The deal Parris and others struck also included a contract for AVTA to buy up to 85 electric buses from BYD, and some of the first U.S.-made BYD buses were tested as part of the fleet. AVTA. Agency operators were skeptical at first. In the Antelope Valley, extreme temperatures were of greatest concern, with 100-degree summer days and sub-freezing winter nights. Operators therefore loaded the seats with sandbags to test the buses while turning on the air conditioning and heating. Due to the long distances covered by AVTA’s routes – some vehicles travel up to 150 miles round trip to LA daily – there was also concern about returning buses. (These commuter coaches in particular, which are made by another company called MCI, benefited from a bit of topographical randomness: the trip to Los Angeles, which is mostly downhill, actually charges the battery regeneratively.) Buses are plugged into a centralized bus station at night – a solar field due for completion in two years will power the buses with 100% renewable energy – but with a service area of 1,200 square miles, some buses have still need electricity on the go, so AVTA is working to disperse more charging stations on the ground.
Patricia Allen, an AVTA bus driver of four years, showed me an intriguing piece of electric bus wizardry at the main transit center. Installed in the bus bays are what are called WAVE Near Field Chargers – large square pads embedded in the asphalt. In order to refuel, Allen parks the bus on one while she takes a break during a layover. Sometimes connecting to charging systems can be tricky, Allen said, and in the winter, buses can take a while to warm up. But she says electric buses are an improvement over diesel in some ways: Older ones give off serious fumes. “They stank,” she said. “Big headaches.” Like many people who grew up in Antelope Valley, Allen is asthmatic; asthma rates among children in the Antelope Valley are double that of the rest of LA County. But over the past decade, the region has seen declines in both locally generated ground-level ozone and diesel particulate emissions that cause chronic health problems, says Bret Banks, executive director of the Management Agency. Antelope Valley air quality. Electrification was part of that, he said. “Operation of AVTA’s battery-electric buses has removed a daily contributor to toxic air emissions from the air of Antelope Valley.”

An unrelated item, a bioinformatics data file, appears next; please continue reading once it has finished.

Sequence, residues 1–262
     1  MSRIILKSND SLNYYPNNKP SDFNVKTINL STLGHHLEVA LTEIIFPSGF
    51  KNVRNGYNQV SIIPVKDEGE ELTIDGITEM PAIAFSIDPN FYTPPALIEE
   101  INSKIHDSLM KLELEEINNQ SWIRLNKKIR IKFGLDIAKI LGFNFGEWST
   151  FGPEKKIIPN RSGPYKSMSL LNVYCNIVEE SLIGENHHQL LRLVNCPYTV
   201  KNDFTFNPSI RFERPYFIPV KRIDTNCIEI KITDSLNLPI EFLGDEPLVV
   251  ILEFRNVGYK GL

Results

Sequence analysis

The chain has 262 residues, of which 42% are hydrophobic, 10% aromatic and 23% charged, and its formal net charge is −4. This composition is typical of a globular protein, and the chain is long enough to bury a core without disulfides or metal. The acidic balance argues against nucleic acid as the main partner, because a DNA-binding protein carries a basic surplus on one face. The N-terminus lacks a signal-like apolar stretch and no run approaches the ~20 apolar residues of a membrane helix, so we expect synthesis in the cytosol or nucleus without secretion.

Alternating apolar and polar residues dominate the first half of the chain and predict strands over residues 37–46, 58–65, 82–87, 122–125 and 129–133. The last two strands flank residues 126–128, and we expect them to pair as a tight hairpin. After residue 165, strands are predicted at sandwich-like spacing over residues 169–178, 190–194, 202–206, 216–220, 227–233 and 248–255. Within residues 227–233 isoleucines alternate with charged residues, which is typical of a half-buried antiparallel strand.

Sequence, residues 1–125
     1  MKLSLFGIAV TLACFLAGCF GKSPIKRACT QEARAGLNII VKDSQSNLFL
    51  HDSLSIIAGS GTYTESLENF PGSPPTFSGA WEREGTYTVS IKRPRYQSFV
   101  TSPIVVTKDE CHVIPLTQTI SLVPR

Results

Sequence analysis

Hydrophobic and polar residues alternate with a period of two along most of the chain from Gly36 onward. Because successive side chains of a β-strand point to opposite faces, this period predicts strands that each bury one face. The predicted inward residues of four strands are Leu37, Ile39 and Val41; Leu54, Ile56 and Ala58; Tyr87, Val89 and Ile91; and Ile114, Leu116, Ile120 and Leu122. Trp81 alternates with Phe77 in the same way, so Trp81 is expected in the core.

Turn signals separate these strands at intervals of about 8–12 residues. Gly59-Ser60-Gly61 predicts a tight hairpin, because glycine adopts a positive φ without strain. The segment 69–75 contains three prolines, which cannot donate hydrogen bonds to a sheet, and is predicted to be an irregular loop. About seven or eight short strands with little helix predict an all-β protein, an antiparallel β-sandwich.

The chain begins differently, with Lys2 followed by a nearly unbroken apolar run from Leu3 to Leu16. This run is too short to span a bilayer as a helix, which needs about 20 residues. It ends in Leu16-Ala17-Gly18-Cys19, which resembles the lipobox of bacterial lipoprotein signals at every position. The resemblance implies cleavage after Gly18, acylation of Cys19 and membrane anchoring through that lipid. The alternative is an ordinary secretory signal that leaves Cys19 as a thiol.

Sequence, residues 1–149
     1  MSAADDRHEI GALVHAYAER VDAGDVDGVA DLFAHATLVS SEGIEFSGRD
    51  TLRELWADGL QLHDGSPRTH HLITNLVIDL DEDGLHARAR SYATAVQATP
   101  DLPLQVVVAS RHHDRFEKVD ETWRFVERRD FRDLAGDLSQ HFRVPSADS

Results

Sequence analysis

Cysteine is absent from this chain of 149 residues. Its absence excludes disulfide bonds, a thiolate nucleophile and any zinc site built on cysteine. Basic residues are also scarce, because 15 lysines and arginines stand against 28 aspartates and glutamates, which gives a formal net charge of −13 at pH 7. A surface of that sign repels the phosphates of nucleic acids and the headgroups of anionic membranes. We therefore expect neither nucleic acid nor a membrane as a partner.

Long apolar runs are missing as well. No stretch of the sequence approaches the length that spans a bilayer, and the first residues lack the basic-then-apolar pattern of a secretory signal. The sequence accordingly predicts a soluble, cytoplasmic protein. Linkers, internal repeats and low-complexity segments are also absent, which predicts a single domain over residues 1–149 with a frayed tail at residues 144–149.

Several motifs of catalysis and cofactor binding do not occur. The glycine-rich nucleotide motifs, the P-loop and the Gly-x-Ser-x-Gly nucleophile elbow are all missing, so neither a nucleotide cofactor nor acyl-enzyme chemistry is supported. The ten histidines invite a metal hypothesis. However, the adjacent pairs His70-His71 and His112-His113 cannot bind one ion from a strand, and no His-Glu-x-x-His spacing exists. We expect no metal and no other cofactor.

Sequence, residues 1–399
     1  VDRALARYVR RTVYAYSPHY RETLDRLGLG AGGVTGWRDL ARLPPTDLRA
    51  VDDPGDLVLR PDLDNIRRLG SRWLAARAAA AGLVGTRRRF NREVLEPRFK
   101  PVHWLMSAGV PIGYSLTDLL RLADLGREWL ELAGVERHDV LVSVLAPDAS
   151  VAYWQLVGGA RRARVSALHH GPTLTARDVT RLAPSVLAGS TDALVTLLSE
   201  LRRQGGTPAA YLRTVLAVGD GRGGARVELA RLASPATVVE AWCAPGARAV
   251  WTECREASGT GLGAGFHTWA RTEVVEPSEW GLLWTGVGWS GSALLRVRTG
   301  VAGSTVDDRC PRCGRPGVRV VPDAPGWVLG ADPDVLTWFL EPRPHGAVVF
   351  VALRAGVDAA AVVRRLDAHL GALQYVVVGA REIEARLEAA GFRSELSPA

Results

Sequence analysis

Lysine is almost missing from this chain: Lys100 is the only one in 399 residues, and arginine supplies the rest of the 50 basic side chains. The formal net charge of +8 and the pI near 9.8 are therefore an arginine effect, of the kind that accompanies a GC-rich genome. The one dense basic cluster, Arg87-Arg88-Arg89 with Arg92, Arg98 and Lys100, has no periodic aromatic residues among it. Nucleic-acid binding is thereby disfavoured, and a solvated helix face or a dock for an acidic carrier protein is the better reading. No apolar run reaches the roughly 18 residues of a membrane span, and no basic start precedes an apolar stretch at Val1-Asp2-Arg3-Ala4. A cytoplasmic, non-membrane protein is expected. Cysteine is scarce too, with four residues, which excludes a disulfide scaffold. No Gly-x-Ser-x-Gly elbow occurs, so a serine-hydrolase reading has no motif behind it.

About 1,500 vehicles roll out of the BYD plant each year, delivering buses to 34 transit agencies across the country. On surgically clean ground, hundreds of hand-painted BYD buses in candy hues cruise along the line. Danny Alvarez grew up near here and is now one of 700 employees, managing BYD’s production of electric trucks and school buses. I met him in front of a seemingly endless row of green and blue striped buses heading for the City of Los Angeles Department of Transportation – it will be the largest fleet of electric buses in the United States when it is delivered. “To see it start from scratch and see it build all over the factory and then also see them in use all over Lancaster and Palmdale, it’s just cool,” he said. “We are doing something positive. Something good.”
In California, the majority of people with access to electric vehicles live in a handful of affluent ZIP codes. What’s happening in Antelope Valley reverses that, providing electrification to communities cut off by trucking routes and suffering from bad air. As the United States pumps money into more robust bus service – $1.1 billion from the Infrastructure Investment and Jobs Act is allocated to cities to purchase zero-emission busesalthough BYD, being a Chinese company, is not currently eligible for this funding — The realization of AVTA is a glimpse of what is possible. Other transit agencies can now look to Southern California’s high desert as a model for creating better jobs while building an all-electric fleet.